A Conversation With Feminist, Scholar, Former Political Prisoner Dr. Haleh Esfandiari

Solitary confinement for 105 days

Dr. Haleh Esfandiari, an Iranian-American who has lived in the United States since 1980, was robbed of her belongings, including her U.S. and Iranian passports, at knifepoint in 2007 on her way to the airport after her yearly Christmas stay with her mother in Tehran, Iran.

The crime, however, was no ordinary robbery but a staged heist by Iran's Intelligence Ministry to obtain her personal information. Her work as director of the Middle East Program at the Woodrow Wilson International Center for Scholars (a position she currently holds) aroused the suspicions of the ministry, which eventually accused her of conspiring in an American plot to overthrow the Iranian regime; consequently, she was interrogated for eight months, 105 days of which she spent detained in solitary confinement as a political prisoner in Iran's notorious Evin Prison. She chronicled the ordeal in her 2010 memoir, My Prison, My Home.

A longtime advocate for human rights and women’s rights, Esfandiari is this year's Women's History Month speaker. She will speak on “The Women’s Movement in Iran and the Middle East” at 7:30 p.m. Thursday, March 6, in the auditorium of the O’Shaughnessy Educational Center on the St. Paul campus of the University of St. Thomas.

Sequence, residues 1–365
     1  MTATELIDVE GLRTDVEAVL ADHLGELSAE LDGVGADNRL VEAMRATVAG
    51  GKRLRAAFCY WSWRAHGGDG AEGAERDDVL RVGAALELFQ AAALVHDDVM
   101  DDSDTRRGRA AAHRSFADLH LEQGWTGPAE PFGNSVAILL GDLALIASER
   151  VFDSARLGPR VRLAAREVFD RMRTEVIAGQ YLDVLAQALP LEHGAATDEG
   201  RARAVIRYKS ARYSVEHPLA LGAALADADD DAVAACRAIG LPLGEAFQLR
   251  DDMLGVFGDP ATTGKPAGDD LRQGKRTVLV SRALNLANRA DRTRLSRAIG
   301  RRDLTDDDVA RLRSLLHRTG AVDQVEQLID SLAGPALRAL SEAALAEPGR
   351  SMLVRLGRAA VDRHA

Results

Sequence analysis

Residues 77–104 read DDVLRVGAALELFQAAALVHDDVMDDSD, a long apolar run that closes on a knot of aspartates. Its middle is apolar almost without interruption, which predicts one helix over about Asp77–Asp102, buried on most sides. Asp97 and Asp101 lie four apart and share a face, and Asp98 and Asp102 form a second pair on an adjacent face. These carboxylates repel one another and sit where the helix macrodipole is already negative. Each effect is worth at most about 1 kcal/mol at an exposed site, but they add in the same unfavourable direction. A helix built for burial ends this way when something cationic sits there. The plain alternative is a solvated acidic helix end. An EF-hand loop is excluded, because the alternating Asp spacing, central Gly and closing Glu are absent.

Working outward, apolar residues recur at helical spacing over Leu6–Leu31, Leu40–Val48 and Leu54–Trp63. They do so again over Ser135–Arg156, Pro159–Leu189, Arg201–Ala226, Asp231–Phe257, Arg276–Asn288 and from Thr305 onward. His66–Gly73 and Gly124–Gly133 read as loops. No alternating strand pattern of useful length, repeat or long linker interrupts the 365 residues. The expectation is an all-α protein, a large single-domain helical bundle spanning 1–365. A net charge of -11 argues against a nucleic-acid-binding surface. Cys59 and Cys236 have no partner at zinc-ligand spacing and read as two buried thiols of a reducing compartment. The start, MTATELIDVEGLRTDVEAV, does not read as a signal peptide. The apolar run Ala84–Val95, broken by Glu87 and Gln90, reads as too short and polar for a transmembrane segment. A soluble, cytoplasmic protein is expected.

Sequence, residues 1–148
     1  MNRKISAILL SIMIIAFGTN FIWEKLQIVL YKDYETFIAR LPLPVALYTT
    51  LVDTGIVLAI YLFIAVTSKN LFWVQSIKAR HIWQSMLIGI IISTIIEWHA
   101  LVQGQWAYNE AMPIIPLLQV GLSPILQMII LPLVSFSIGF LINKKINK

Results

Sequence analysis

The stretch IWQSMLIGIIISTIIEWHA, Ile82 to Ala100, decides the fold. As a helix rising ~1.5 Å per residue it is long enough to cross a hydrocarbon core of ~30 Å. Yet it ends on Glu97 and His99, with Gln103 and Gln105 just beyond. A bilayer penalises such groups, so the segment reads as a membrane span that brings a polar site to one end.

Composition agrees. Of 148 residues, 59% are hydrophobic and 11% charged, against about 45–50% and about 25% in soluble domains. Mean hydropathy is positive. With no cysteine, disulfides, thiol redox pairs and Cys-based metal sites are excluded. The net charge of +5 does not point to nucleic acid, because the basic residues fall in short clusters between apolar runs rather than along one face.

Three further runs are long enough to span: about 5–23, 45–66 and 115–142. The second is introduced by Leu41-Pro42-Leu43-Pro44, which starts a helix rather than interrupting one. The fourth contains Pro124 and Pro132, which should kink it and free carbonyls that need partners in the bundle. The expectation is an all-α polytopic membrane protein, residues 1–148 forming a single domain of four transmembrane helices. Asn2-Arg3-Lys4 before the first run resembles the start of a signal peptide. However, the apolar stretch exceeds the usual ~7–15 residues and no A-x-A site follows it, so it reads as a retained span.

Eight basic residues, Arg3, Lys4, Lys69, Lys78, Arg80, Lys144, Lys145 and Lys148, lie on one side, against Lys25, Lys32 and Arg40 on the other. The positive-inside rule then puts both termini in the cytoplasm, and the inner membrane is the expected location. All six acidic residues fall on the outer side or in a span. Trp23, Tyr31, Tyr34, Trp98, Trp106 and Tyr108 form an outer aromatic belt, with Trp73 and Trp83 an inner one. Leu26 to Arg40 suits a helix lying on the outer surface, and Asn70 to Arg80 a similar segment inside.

Her talk will interweave her personal experiences with a political history of Iran and the Middle East, and will discuss the changing situations of the region from an international feminist perspective.

MyprisonBorn in Iran in 1940, Esfandiari received her Ph.D. from the University of Vienna. She taught Persian language and literature at Princeton University from 1980 to 1994, and has directed the Middle East Program at the Wilson center since 1997.

Esfandiari was awarded a MacArthur Foundation Grant and was the first recipient of an award established in her name, the Haleh Esfandiari Award. It now is presented annually by a group of businesswomen and activists from countries across the Middle East and North Africa.

Esfandiari will be available to sign copies of My Prison, My Home following her lecture. Free and open to the public, the Women’s History Month lecture is sponsored by St. Thomas’ Luann Dummer Center for Women.

More information about Esfandiari and the Luann Dummer Center can be found online.

Esfandiari answered questions for the Newsroom last week via email about her imprisonment and work.

The conversation

Have you been back to Iran since you left following your imprisonment? What would it take for you to return, especially since your mother passed away?
No, I have not been back to Iran since September 2007, when I left the country. As I explain in my book, it was a painful departure. On the one hand I was happy to be free and to go home; on the other I knew that I might not be able to return to Iran for a number of years. For me to return, there would have to be government that would not prosecute and persecute me.

What do you miss most about Iran?
I miss most about Iran the wonderful physical landscape – the majesty of the mountains, the clarity of the night sky – and the warmth of the people.

Your case remained open as of the publication of My Prison, My Home. Is your case still open today?
Yes, my case is still open. I was released on bail, and the bail still stands. This means the Iranian judiciary, which seems never able to close and end a case, can summon me to appear in court any time they wish to.

Are female political prisoners treated differently than male political prisoners in Iran?